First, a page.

Amritsar Golden Temple
The Golden Temple of the Sikhs stands was build in the capital of the Sikh state Pinjab: Amritsar. For the Sikh Punjabies, the Golden Temple is what the Vatican is for the Catholic world or the Jokang Temple in Lhasa for the Tibetans. It's the center of their religion. I went twice to Amritsar. The first time I was there briefly, the second time I spend 3 days in the temple. What did I do there?
I didn't visit the Golden Templein search of enlightenment. I was just curious what Sikhism was and I thought there would be no better place then Amritsar to learn something of Sikhism.
At the moment I went into the temple, I didn't really know much about Sikhism. I read somewhere that the Sikh religion had taken "the best of Hinduism and Islam" mixing and shaking it and voila, a new religion was born.
That could obviously not be the whole truth. So what is Sikhism? It was founded in the 15th century in Punjab. Sikhism is based on on the teachings of Guru Nanak Dev and ten successive Sikh Gurus.
The word Sikh comes from Sanskrit and is usually translated as "disciple" or "learner". So what do you learn? The main idea of Sikhism is the belief in a Universal God. Salvation can be reached through personal meditation on the name and message of God. Sikhs consider God as the universe itself.
As Sikhs were very disciplined, tough warriors with no fear, they were recruited by the British colonial army and made made it to high rankings.
And still into modern times, you will find Sikhs in every layer of the modern society, from craftsmen to bus drivers (I remember an exceptional crazy driver with a wild beard and even wilder eyes who drove his bus totally nuts but got no accidents whatsoever, and he was a funny guy).
The Golden Temple
The Amritsar Golden Temple complex was a total revelation to me. Compared to Christian churches and Muslim Mosques, the atmosphere here was relaxed, in some ways very comparable to what I had experienced in the Jokhang Temple in Lhasa. Many were sitting around the pond, chatting, eating and discussing. And at the same time I saw plenty of people in meditation.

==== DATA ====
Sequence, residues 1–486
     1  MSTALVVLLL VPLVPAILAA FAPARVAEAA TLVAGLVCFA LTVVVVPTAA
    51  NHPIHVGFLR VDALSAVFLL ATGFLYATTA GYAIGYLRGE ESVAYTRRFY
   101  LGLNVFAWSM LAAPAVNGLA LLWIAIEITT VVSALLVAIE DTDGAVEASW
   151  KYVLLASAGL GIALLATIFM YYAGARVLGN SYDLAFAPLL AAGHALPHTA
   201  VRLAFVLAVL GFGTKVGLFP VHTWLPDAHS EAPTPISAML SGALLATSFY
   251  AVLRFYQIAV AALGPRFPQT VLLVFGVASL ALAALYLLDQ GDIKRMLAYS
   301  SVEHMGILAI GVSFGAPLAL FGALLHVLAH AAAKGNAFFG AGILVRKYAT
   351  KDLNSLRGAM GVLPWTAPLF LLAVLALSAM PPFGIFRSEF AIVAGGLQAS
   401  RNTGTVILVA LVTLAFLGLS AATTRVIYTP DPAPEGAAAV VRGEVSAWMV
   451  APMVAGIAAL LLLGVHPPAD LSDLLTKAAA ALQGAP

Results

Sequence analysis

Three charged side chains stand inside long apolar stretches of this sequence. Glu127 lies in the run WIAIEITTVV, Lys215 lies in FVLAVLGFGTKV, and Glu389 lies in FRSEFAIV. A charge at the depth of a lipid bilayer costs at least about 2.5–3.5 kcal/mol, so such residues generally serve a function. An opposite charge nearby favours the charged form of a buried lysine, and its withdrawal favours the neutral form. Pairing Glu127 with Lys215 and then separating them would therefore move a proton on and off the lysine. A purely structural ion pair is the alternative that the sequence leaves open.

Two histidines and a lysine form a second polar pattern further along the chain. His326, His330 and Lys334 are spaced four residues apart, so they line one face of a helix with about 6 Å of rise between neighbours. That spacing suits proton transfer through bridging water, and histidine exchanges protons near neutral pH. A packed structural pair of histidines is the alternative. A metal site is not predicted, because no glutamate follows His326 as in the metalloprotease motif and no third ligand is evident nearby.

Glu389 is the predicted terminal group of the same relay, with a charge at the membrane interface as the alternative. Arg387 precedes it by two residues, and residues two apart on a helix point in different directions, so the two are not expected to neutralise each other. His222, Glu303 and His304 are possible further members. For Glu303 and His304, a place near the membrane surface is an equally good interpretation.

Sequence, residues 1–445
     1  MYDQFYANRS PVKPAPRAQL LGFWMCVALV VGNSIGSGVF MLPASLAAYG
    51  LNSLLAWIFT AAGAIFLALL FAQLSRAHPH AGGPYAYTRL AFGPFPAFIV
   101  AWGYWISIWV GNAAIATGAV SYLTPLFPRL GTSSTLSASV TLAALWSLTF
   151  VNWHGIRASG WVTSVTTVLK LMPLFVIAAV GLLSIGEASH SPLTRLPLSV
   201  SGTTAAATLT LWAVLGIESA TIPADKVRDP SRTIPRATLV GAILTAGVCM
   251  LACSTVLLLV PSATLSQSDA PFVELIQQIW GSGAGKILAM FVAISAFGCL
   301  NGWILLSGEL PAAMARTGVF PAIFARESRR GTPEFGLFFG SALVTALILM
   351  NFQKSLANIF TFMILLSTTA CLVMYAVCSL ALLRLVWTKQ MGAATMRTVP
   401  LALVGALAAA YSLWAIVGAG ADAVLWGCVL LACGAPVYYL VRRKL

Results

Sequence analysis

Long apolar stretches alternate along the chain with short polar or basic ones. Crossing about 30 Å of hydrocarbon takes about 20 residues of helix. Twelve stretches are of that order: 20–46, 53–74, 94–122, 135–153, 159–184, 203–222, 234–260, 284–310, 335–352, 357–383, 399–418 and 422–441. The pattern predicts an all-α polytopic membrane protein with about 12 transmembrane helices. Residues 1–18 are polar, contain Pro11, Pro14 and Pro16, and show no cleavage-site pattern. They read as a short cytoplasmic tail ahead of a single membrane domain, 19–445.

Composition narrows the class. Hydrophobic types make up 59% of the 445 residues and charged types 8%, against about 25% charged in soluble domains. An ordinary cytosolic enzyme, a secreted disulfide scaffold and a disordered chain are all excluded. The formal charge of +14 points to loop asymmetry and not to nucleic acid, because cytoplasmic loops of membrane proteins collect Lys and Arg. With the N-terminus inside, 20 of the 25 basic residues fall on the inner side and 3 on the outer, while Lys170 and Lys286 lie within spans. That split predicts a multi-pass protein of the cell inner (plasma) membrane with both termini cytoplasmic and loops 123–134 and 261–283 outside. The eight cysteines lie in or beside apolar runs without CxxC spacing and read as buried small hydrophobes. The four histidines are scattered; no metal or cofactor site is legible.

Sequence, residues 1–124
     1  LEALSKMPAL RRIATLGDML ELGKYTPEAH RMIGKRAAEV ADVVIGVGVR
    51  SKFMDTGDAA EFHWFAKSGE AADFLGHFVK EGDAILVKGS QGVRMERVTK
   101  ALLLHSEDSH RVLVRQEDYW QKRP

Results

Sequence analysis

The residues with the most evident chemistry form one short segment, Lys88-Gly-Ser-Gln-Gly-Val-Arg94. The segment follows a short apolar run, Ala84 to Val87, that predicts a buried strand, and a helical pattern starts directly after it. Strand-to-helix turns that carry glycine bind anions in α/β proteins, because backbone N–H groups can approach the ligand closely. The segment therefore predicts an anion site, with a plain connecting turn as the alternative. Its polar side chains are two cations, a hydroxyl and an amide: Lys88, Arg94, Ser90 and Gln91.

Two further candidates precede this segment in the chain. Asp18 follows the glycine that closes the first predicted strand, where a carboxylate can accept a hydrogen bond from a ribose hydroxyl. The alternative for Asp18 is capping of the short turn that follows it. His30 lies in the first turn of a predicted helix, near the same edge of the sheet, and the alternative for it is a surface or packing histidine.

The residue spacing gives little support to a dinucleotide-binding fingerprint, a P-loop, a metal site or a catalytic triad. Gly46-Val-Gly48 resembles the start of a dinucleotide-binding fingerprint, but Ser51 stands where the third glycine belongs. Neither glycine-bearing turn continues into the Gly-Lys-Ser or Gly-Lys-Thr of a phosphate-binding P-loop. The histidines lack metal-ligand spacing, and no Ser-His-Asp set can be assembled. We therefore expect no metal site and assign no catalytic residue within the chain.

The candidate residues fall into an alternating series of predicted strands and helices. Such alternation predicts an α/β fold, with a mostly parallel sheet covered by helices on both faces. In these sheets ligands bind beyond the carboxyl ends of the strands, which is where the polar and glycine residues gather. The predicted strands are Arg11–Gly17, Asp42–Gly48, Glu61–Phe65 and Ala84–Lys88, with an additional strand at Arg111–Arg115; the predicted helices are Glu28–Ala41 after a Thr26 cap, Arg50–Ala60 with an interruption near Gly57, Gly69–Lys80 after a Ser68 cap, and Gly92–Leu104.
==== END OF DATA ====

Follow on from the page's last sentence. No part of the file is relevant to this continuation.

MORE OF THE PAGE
Three times a day there were free vegetarian meals distributed. Everyone was welcome to join. It was an amazing and peaceful experience. No one tried to convince me of their beliefs, it was just that people were happy to see non believers interested.
Accommodation was free although foreigners were separated from the locals. The foreigners had their own dormitory, which was guarded.
Inside the temple musicians were playing 24 hours. The music, I felt was not only beautiful but also hypnotizing. However, I was not allowed to stay long in the temple, many other people wanted to visit. The best time to visit seemed to be quite early in the morning when the pilgrims had not arrived. Further on the day it was an endless row of people going and coming from the temple.
So what did I do those three days? Nothing much, I was most of the time sitting somewhere at a quiet place observing people, reading a bit, chatting with some Indians. It was an enlightening experience and when I left, I felt fresh, ready for my next leg of the journey. But to be honest, apart of the Golden Temple I had not seen anything else in Amritsar.
Getting there and stay
Amritsar is located on the historic Grand Trunk Road (which leads all the way to the border with Afghanistan to Peshawar. So transport by road, but also by train to other major cities in India is not a problem. There are buses to Jamu for further into Kashmir and you can go all the way to Dharamsala, the residence of the Dalai Llama.
Personally I would everyone encourage to stay in the Golden Temple, it's free (remember I am Dutch!), though you are expected to pay the temple some money. Alternatively you can choose one of our hotels hostels and guesthouses:
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Jaisalmer is nicknamed the Golden City as the fort in the sunset has a golden colour, an effect reached by the sandstone of which the fort is made of.
Continue to Kashmir or Dharamsala
You can continue traveling from Amritsar into either Kashmir or to Dharamsala. Both are easy to reach.